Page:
In the inaugural episode of the Chase MedSearch Podcast, Jordan Chase covers two mistakes that applicants commonly make which stop the interview process dead in its tracks. He also discusses why he decided to start this podcast and what value he hopes…Continue reading
Jordan Chase, President and Founder of Chase MedSearch, was the inaugural guest on a new medical device podcast — “MED DEVICE UNLEASHED.”Continue reading
A humorous look at a Sales Rep. that brought everything to the table during an interview, and we mean everything!Continue reading
I realize that there are recruiters out there who waste people’s time. Nevertheless, when I contact someone I don’t know and they say: “Sounds good, send me the information”. I don’t do that. I’m not going to send information on a job with all the specifics (and I do work hard to have the specifics) when I don’t know the candidate. We live in a connected world and it’s far too easy to do an end-run around a recruiter and either apply online (bad idea 99.99% of the time) or talk to someone you know that works there who will pass along the resume. Instead, I say, “I have the details and will give them to you but I need two minutes of your time.” And I’ll literally take two minutes of their time.
Rarely does the conversation just run two minutes, but I do stop and take a pulse check to make sure we’re tracking and if not the candidate is back on track with the rest of their day. If it’s interesting to them, then they get the details. They can still do an end-run around me, of course, but hopefully we’ve got something established, like trust and they know and believe I can help them get this position should they decide they’re in. That’s called partnership. And it works.
You’ve probably heard of ABC (Always Be Closing) but have you heard of ABR (Always Be Ready)?
Recently someone in a field sales organization told me that there will be a call later that day that will mean big company changes within their organization. No one knew what it meant. It could have meant layoffs. People were scared. They knew it was not good news. My advice in that situation was fairly simple:
No matter how long you’ve been there, there are things of value you’ve learned. Make sure those travel with you wherever you go. (Disclaimer: If things are not labeled confidential or for company use only, of course.) 🙂 Run this question through your mind: “If I am laid off on this call and they cut me out of all systems, “Do I have everything I need and want — both to help me get my next job and make me successful in my next job?” Come to think of it, that’s a useful exercise even if you’re not awaiting a scary company-wide conference call.
A topic of ongoing discussion in medical device hiring circles continues to be pharmaceutical reps transitioning into medical devices. When I started in the device industry in 1998, I was told that most pharmaceutical reps. were not built for device sales. Since then, I’ve been a part of transitioning many pharmaceutical reps. into devices, and met amazing people along the way (who went on to win awards).
However, a perception persists that is built from some or all of the following objections:
- pharmaceutical reps. don’t actually sell – they detail and aren’t good at asking for the business,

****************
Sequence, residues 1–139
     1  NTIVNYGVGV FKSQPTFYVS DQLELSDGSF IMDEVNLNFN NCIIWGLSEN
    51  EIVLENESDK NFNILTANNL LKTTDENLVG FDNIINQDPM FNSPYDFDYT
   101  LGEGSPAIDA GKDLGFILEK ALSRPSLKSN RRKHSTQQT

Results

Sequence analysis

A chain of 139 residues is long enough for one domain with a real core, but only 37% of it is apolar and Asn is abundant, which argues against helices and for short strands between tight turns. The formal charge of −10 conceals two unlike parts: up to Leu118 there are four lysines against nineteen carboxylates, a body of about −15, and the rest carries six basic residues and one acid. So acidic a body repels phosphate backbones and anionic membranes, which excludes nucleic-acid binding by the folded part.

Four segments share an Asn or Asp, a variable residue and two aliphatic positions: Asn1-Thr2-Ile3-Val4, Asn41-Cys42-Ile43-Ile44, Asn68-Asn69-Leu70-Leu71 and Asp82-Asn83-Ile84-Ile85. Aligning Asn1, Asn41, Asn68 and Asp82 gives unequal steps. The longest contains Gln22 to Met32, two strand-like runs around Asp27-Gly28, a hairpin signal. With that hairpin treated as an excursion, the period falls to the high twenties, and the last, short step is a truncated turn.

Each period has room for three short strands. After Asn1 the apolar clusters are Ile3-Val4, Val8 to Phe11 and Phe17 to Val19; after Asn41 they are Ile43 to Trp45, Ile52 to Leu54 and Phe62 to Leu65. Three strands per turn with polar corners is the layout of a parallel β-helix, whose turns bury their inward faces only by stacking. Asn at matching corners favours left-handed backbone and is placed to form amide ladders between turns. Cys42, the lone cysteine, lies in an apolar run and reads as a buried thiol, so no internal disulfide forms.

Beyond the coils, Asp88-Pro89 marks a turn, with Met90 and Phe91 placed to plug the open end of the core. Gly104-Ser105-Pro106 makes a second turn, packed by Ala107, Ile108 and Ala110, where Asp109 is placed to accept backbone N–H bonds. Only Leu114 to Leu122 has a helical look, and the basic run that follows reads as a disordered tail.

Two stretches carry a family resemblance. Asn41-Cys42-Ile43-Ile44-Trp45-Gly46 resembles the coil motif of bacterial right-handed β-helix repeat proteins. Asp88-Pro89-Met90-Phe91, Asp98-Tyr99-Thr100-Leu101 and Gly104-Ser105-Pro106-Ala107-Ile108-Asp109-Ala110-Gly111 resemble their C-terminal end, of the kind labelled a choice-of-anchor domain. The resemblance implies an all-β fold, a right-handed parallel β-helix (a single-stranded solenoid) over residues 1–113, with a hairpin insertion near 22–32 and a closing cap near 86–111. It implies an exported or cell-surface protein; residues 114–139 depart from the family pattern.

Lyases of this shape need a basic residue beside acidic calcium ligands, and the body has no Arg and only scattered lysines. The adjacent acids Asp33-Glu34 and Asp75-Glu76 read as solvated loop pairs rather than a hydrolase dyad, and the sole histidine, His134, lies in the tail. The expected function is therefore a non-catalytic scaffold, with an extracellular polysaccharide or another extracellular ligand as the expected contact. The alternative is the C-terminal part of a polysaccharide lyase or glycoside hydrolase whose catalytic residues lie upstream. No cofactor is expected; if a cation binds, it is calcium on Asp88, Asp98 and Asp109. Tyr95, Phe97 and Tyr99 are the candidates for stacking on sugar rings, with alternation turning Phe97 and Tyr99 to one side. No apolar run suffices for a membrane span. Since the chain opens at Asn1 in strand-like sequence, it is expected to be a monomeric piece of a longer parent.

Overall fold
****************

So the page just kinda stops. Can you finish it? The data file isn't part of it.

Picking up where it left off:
- they don’t want to (or can’t) work the hours that device reps put in,
- they aren’t trained in sales basics like business-to-business (B2B) reps are in terms of prospecting, qualifying targets, closing,
- they aren’t driven/motivated like device reps. are to succeed and
- their sales results have a three month lag so they aren’t used to making real time adjustments to their work.
For those of you that have either hired a pharmaceutical rep. that became successful or made the transition yourself from pharmaceutical sales to device, what did it take and why do you believe you made a successful transition/hire?
Sometimes a very experienced medical device sales rep. is up against a relatively inexperienced rep. for a job they both want.
In what scenario does the experienced sales rep. lose?
The main one, in my experience, is when the seasoned rep. appears to be tire-kicking. A laid back, casual attitude, conveying an impression that they are just sniffing around the opportunity versus someone sitting there ready to run through walls can be the difference maker in the interview.
If you have done your research and decided you want the job, show the interviewer what it looks like when you really want something no matter how experienced or accomplished you are. Resting on past awards, relationships, experience creates vulnerability.
I was talking to a friend and hiring manager recently and he observed that more and more medical device jobs have become “hybrid” jobs wherein the physician’s office/clinic is extremely important, in some cases as important or even more important than the Operating Room (OR), depending on the specialty. That makes it very difficult for coverage reps. that have only sold in the OR-covered cases to compete for these new types of positions as they evolve.
You know what? This tracks with a trend I’ve seen more and more where reps. that are strictly “case coverage” reps., highly clinical, very sound in orthopedic or spine surgery, but lacking essential sales skills are leaving medical, going to Business-to-Business (B2B) jobs, getting training, gaining those skills and coming back, ready to interview and take on different roles beyond what some entry level orthopedic and spine jobs may be able to teach them. Almost “reverse engineering” their medical careers. This used to be taboo.
Years ago, leaving the medical device industry meant that it was nearly impossible to get back in. But with a tight labor market getting tighter all the time, exceptions are being made. And after rounding out their experience and skill set, these candidates are ready to go.